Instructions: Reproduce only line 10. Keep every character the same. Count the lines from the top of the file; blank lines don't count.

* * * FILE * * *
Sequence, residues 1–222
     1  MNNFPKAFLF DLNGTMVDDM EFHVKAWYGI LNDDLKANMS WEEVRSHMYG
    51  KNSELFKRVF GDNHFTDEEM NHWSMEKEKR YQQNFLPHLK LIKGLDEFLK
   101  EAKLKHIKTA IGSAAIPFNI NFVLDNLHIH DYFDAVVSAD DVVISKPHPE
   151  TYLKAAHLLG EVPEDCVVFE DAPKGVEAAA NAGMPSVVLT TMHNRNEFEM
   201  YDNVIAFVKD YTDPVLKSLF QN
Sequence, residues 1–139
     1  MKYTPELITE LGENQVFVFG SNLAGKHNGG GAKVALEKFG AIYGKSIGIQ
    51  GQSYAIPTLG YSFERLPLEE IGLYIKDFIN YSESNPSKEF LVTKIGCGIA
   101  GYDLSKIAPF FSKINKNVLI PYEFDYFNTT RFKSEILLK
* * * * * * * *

   101  GYDLSKIAPF FSKINKNVLI PYEFDYFNTT RFKSEILLK